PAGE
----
From a nutritional point of view, the food products that are grown using local organic methods are considered to have a better quality compared to foods produced using industrial production techniques. Pollan asserts that even when organic industrial farmers claim that their products are free from calories and chemicals, the fuels used to cultivate and take them to the market contributes to the deterioration of the health of the consumers (132). Mechanized agriculture lowers the sustainability of crops and animals since it leads to emission of gasses that later affect the food and animals that people consume. On the other hand, food grown using the local techniques is nutritional and safe for the consumers since it does not come into contact with emissions from fossil fuels. Pollan asserts that expanding the food chain of “organic foods to American supermarkets and fast-food joints can compromise their ideals” since such expansion will require the use of energy that affects people, food, and animals (133). According to Ciccarese and Silli, foods grown using organic approaches have “higher antioxidant compounds” compared to food grown using industrial approaches (60). However, of mechanized organic farming argue that they try to improve their yields and not the quality of the crops that they grow.
Advantages Conventional Farming Over Local Organic Farming
Regarding the advantages of industrial organic farming, Pollan asserts that producing food using local and pastoral techniques may not feed the growing population (129). He refers to the hunter-gatherers and how they obtained their food without using industrial methods. Although Pollan agrees with the assertion that hunter-gatherers had access to many food sources, he asserts that their population was small compared to today’s population. Although Pollan agrees with the research finding that organic foods are more nutritional than the conventional foods, he asserts that the former cannot be used to feed a larger population (126). Based on Salatin’s case, the fact the farmer only sells to his neighbors is an indication that organic food is not enough to feed a region. Pollan asserts that pastoral forests cannot be enough to sustain organic farming and therefore, industrial farming becomes an option to feed the nation.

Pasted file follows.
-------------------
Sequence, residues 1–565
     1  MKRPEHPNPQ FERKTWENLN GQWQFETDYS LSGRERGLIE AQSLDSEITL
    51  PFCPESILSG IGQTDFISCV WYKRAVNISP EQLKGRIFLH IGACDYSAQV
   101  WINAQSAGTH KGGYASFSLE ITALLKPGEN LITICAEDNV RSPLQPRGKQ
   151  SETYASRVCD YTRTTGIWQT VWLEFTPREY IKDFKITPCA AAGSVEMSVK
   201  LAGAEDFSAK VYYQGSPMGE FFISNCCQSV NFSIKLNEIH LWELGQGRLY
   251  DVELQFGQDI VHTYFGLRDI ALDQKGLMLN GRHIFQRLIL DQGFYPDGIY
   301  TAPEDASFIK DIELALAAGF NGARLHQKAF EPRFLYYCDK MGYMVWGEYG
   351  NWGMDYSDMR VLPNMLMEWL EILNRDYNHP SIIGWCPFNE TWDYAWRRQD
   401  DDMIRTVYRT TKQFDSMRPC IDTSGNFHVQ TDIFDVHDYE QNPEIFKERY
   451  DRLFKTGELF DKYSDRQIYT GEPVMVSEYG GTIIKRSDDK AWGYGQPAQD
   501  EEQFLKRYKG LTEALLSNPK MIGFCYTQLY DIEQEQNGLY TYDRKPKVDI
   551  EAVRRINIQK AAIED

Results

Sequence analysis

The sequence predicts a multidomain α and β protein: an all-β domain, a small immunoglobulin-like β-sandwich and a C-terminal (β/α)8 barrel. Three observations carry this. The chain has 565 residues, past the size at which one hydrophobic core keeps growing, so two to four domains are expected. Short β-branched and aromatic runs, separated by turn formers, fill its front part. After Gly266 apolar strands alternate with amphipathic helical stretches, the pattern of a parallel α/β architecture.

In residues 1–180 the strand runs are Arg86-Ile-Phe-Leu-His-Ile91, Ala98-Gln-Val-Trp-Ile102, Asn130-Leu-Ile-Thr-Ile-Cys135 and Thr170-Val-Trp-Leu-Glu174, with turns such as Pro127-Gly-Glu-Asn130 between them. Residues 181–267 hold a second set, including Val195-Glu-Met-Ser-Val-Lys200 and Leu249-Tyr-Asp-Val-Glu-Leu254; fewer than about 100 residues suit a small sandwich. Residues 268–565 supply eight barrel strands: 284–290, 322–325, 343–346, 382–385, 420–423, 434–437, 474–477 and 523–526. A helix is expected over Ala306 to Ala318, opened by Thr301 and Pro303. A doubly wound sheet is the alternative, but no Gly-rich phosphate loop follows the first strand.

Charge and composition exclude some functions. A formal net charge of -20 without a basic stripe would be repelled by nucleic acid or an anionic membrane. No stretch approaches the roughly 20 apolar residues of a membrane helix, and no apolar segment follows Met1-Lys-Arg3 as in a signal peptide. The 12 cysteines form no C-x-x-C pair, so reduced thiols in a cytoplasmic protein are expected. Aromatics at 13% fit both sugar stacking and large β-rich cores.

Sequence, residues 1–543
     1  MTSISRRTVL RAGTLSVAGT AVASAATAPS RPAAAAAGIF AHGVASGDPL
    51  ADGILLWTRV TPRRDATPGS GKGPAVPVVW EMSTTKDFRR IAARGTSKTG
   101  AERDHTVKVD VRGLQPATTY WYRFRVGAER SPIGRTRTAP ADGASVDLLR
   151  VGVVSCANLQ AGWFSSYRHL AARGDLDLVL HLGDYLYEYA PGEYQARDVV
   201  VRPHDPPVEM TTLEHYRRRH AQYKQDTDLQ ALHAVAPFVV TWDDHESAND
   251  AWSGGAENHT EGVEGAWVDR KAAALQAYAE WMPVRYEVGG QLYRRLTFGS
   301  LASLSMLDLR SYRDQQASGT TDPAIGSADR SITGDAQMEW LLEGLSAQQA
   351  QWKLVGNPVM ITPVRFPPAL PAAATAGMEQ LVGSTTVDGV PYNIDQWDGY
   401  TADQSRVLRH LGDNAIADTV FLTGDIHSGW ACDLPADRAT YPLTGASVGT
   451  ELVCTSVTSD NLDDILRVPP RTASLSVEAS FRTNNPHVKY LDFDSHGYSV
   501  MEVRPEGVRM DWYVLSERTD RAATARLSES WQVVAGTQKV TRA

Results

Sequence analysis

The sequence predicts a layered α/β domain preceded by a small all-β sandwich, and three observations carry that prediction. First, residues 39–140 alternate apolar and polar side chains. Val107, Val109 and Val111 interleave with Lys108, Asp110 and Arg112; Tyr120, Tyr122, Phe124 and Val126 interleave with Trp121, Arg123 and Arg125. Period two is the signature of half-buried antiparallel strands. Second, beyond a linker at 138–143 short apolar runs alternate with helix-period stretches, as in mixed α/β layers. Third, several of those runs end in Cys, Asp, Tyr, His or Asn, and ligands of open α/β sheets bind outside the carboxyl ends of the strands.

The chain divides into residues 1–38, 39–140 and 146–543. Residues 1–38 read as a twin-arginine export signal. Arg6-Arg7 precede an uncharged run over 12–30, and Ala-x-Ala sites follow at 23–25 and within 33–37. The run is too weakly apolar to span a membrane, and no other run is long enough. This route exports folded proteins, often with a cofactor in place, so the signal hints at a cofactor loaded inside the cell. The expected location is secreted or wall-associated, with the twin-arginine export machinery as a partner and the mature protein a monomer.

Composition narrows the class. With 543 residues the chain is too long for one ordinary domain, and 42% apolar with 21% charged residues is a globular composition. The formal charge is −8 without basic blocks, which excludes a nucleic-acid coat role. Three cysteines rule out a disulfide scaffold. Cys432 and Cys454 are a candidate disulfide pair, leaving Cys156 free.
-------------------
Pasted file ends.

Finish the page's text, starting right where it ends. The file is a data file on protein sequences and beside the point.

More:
According to Simonne et al., the need to certify land for organic farming makes it difficult to invest in the farming this technique (3). As a result, farmers are left with the option of cultivating conventional foods. Simonne et al. assert that the food concerns that people raise concerning industrial farming are not supported by enough literature (4). The authors call for further studies to establish the health effects of organic foods that are grown through conventional techniques. Simonne et al. assert that there are few “health benefits from consuming organic foods” (4). Pollan cites the many mysteries that relate to the question of the nutritional value of the organic foods (179). He claims that even the people that consume organic foods experience health complications. The need to establish the chemical compounds that causes diseases necessitates the call for further research on the health implications of the organic foods.
Interestingly, as Pollan concludes, it is difficult to have organic food alone in the American stores (187). Also, conventional foods alone cannot satisfy the needs of the consumers. Pollan’s view anchors on the concept of consumer preferences. Since consumers prefer different foods, they demand what suits them, and that shows that they can either buy organic or conventional foods (Simonne et al. 3). Pollan argues that proponents of local organic farming lie by claiming that they get their food from pasture-like environments (139). Also, the conventional farmers do not entirely rely on machines and fossil fuels to get energy for their farms. In essence, the two farming methods complement each other. The marketing initiatives that companies have adopted in labeling foods as natural have contributed to consumer’s dilemma since people may not establish the quality of foods based on the production techniques (Pollan 139). Thus, even with alternative farming methods, the consumer continues to get confused when shopping.
The ecological balance and nutritional value associated with local organic foods are indications that organic farming is more advantageous than conventional farming. Based on Pollan’s assertions, the fact that local organic farmers do not rely on energy from fossil fuels is an indication that their foods are healthy. However, failure to use energy and chemicals in organic farming is associated with low yields compared to the conventional farming. Given the higher yields associated with conventional farming, its approaches have been cited ways of feeding the world through mass production of organic products. Given the safety concerns associated with conventional foods, it is apparent that industrial farming techniques are more disadvantageous compared to local organic farming approaches.
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Michael Pollan’s “The Omnivore’s Dilemma” is a nonfiction text that highlights the author’s findings regarding the American eating habits, food varieties, organic and industrial farming. Pollan begins his inquiry by […]